How I transformed a family heirloom and made an old fur coat cool again

Photography by Amanda Grace Vincent

I never got a chance to meet my husband’s grandmother, but her reputation is alive and well. Known for her formidable hosting skills, her show on CBC Television, and the immaculate way she took care of her clothes, the late Pearl Langer also became my style guardian when her mink coat was bestowed upon me earlier this year by my mother-in-law, Sheri.

My husband’s grandmother, Pearl Langer, wearing the original in the mid ’50s

I was honoured. And intimidated. A mink coat is serious business and though the coat fit me well, it was cut in a popular 1950s (read: outdated) shape. I spoke to Sheri about updating the coat, an idea she totally supported. She relayed that her mother was all for using her fine china and crystal every day and she encouraged me to make the coat my own. I wanted to ensure that contemporizing the garment left me with a coat that I’d wear, but honoured the original.

The fix

I brought the coat to Charisma Furs, a Toronto institution run by a charming family (they were with me every moment of the transformation) and known for custom furs.

The first task was to open up the coat to see if the fur could withstand the stress of a redesign. Lovingly cared for and stored, Charisma’s owner, Danny, gave it the green light for a reno. (They have to turn down a few similar requests each month, because the garment won’t endure the process.)

Once we settled on a fit (reshape the sleeves, take the volume out of the shoulders, change the collar and take off some considerable length from the bottom), endless measurements later, Danny cut into the garment to begin the process of reshaping it. I was amazed to see that once the liner was removed, it was a living time capsule. The pattern number and size were marked on the backs of the skins, with remarkable craftsmanship. He confided that in the 1980s, custom furs were common, but an investment fastidiously cared for. Women bought one and cared for it for life. Fast fashion has hit the trade hard, with very few people to carry on the craft.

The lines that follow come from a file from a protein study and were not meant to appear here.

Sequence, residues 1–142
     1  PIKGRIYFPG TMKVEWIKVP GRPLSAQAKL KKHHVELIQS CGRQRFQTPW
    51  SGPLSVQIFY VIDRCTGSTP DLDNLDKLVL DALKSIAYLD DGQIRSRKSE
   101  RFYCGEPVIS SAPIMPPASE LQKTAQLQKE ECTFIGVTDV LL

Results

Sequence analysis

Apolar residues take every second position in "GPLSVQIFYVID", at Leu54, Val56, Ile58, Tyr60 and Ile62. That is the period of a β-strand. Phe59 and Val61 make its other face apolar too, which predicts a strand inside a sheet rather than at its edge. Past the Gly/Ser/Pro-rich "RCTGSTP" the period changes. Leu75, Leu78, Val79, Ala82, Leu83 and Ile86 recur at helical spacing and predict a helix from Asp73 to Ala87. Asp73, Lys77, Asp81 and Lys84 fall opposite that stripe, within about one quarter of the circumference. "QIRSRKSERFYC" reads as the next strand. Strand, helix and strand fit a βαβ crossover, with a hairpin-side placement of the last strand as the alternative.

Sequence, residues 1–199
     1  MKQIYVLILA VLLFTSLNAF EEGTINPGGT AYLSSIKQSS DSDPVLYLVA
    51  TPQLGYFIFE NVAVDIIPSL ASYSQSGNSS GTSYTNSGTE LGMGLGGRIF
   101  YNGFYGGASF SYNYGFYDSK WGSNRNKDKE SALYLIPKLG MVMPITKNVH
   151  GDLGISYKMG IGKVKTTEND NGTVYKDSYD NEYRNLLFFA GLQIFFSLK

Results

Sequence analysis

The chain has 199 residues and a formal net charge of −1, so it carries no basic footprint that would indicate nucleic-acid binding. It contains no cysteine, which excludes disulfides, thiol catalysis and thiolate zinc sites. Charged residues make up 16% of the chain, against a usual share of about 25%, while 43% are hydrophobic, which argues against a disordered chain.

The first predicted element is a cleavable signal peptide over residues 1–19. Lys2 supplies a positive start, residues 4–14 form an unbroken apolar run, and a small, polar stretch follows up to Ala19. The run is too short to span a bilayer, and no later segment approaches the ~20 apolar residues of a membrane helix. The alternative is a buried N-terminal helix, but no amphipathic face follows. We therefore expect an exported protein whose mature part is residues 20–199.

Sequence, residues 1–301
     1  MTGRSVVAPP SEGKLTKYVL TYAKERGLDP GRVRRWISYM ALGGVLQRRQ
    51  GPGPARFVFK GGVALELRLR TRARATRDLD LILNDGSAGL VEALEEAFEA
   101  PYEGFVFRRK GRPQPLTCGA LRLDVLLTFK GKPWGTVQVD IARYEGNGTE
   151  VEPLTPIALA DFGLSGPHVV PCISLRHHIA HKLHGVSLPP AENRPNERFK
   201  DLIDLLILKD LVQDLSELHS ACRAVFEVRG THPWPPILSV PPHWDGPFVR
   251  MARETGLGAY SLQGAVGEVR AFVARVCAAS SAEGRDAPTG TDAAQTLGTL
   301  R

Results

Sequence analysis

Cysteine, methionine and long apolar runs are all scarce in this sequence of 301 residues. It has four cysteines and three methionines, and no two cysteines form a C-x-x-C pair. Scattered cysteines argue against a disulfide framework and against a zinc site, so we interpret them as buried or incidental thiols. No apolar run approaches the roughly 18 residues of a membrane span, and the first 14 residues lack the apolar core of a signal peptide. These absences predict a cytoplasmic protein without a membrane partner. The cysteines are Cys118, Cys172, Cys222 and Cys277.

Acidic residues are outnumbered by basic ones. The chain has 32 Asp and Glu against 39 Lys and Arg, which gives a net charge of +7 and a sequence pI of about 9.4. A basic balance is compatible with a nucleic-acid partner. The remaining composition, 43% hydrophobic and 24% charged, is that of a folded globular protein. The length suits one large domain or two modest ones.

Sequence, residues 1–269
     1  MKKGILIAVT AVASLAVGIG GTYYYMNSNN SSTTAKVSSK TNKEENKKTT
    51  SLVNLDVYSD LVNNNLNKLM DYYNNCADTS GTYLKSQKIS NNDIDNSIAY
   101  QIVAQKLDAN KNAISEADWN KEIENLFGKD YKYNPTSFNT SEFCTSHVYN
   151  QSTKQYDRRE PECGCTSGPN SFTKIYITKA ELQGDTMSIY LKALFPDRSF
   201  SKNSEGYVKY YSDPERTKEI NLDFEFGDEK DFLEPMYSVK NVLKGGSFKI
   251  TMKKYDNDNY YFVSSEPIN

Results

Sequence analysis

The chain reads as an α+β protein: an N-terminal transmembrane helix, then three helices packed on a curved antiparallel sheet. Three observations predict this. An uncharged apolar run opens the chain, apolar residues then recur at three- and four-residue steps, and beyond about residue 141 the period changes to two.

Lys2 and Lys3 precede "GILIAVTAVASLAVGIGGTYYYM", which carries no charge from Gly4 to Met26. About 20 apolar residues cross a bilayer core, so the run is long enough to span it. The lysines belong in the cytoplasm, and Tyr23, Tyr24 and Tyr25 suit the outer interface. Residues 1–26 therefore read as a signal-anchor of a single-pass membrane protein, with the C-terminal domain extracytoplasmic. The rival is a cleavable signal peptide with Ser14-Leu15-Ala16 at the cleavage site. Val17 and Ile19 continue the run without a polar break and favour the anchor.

Once the coat was restyled, it was cleaned (in a drum with sawdust and alcohol—who knew?) and I came back for a final fitting. I was thrilled—the classic mid-thigh car coat length worked perfectly with everything from jeans to a dress. And while jumping on the subway in a mink coat might seem a bit extravagant, what’s more practical than fur during the winter in Canada? Yolo.

The tips

A fur coat is surprisingly easy to care for, especially with these tips from Charisma:

Massage the fur
It should feel soft with no matting or clumps, and have a natural moisture to it

Blow on the fur to look at the skin
The pelt should look healthy and clean, and watch for moth eggs. I know. Gross.

Have it cleaned
Even if the garment looks great, have it professionally cleaned before you take it home. Bringing a garment carrying moth eggs into your home can destroy your entire wardrobe.

Keep it safe
Keep it in a dry and breathable space and have it professionally cleaned every two years.